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1 Making use of long-term demographic projections in multilateral policy coordination in the EU Per Eckefeldt DG ECFIN European Commission Joint Eurostat/UNECE.

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Presentation on theme: "1 Making use of long-term demographic projections in multilateral policy coordination in the EU Per Eckefeldt DG ECFIN European Commission Joint Eurostat/UNECE."— Presentation transcript:

1 1 Making use of long-term demographic projections in multilateral policy coordination in the EU Per Eckefeldt DG ECFIN European Commission Joint Eurostat/UNECE Work Session on Demographic Projections Organized in cooperation with Statistics Portugal Instituto Nacional de Estatística, Lisboa, 28-30 April 2010

2 2 Outline Background Demographic prospects Economic effects of ageing populations Overall budgetary effects of ageing populations Potential medium- and long-term impact of the economic crisis Concluding remarks

3 3 Background Preparing the European Social Models to be apt for tomorrow is high on the EUs policy agenda Population ageing is a key challenge The 2001 Stockholm European Council took initiatives to face the impact of ageing on the economy; a three-pronged strategy was agreed: o Reducing public debt at a fast pace o Raising employment rates and enhancing productivity o Reforming social security systems Challenge adressed by several initiatives at EU level: –the just-launched Europe 2020 strategy for smart, sustainable and inclusive growth (updating the previous Lisbon agenda) –the Stability and Growth Pact (SGP) – reformed in 2005 –the Open Method of Coordination on Social Protection and Social Inclusion Commission Communications on the Ageing Report and the Sustainability report in 2009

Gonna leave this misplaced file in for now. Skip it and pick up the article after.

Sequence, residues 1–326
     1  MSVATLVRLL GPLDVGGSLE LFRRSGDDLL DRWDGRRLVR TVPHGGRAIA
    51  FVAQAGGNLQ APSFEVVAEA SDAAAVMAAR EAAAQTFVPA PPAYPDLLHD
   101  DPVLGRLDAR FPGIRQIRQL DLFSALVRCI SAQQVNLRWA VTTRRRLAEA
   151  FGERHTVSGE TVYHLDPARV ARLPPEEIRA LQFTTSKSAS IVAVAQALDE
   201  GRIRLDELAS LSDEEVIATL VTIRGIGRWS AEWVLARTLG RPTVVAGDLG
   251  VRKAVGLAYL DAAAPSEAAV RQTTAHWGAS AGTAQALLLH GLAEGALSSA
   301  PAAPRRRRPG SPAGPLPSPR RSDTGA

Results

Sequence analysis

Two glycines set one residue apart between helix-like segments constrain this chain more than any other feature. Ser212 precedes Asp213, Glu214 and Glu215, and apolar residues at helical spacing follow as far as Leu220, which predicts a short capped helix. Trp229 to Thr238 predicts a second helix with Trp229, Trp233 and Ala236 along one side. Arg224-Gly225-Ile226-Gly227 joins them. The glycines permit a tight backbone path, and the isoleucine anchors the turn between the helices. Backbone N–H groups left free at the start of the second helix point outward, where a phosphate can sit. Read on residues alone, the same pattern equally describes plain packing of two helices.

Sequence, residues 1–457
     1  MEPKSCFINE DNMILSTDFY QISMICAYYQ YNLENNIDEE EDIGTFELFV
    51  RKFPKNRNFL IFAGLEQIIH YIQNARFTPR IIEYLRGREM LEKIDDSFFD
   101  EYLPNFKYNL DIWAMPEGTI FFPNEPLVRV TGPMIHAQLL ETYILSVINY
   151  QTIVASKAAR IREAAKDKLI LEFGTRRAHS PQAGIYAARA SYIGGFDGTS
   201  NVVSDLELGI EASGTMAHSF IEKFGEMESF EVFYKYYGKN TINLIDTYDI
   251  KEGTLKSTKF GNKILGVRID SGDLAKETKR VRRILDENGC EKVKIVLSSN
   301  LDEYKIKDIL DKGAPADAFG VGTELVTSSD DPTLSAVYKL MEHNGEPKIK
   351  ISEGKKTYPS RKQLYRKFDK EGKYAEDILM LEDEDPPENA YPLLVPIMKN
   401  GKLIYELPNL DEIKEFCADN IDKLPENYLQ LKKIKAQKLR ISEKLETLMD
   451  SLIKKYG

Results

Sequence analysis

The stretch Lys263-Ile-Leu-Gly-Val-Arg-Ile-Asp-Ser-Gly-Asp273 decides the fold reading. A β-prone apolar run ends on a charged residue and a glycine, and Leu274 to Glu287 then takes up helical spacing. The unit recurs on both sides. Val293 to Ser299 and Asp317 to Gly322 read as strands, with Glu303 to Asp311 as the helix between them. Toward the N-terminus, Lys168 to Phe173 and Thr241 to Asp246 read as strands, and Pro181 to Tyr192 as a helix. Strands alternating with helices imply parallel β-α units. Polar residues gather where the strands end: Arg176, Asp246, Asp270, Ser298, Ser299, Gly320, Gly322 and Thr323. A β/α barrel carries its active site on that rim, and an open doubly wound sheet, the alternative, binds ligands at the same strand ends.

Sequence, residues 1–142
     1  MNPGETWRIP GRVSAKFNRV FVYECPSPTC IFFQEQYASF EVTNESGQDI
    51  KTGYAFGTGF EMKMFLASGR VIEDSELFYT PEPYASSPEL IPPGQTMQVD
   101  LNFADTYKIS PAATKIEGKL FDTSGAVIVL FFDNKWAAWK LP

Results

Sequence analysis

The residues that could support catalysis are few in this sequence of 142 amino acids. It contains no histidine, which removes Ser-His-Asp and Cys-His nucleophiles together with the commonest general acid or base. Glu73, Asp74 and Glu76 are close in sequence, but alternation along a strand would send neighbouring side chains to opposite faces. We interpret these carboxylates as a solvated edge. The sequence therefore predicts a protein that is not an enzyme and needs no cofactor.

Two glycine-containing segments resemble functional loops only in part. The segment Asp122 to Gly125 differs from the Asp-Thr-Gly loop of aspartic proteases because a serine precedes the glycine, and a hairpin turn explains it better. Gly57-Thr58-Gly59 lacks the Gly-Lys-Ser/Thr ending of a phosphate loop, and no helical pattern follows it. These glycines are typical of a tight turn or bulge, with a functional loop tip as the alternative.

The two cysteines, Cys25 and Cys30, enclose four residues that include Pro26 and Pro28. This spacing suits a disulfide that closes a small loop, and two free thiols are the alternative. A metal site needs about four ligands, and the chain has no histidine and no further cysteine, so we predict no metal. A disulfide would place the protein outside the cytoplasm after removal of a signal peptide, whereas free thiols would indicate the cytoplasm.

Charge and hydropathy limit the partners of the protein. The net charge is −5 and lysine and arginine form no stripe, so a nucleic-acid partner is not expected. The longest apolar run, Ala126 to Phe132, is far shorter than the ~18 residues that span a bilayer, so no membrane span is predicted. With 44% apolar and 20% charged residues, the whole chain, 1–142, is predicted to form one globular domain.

4 4 A unique collaboration Comparable projections provided by Eurostat of long-term demographic developments is essential for the Commision in order to deliver appropriate policy advice on how to cope with global megatrends like population ageing to Member States It forms the basis for the projections at EU level of the economic consequences of ageing and future public expenditure on pensions, health care, long-term care, education and unemployment transfers Joint project of the Member States – the Economic Policy Committee (EPC) and the European Commission (DG ECFIN) to ensure comparability while reflecting the diversity of welfare systems accross Member States A special time of crisis: the Commission will continue to monitor the situation

5 5 Population 2008-2060 Labour force - Participation - Employment - Unemployment Labour productivity Real interest rate GDP Pensions National models 10.2% GDP Health care 6.7% GDP Long-term care 1.2% GDP Education 4.3% GDP Unemployment Benefits 0.8% GDP Total age- related spending 23.1% GDP i.e. 50% of public expenditure Overview of 2009 projection exercise

6 6 Main demographic indicators (EUROPOP2008)

7 7 EUROPOP2008: Population projections 20082060 European Union 3942 46 49 x Median age

8 8 EUROPOP2008: The population in the EU27 grows much older Total population: 495.4 millions in 2008, 505.7 millions in 2060 Working-age population : 333.2 millions in 2008, 283.3 millions in 2060 (-15%) Most numerous cohorts: age 40-44 in 2008, age 50-54 in 2060 Population aged 65+ nearly doubles: 85 millions in 2008, 151 millions in 2060 Old-age dependency ratio (65+/15-64) doubles from 25 to 53 per cent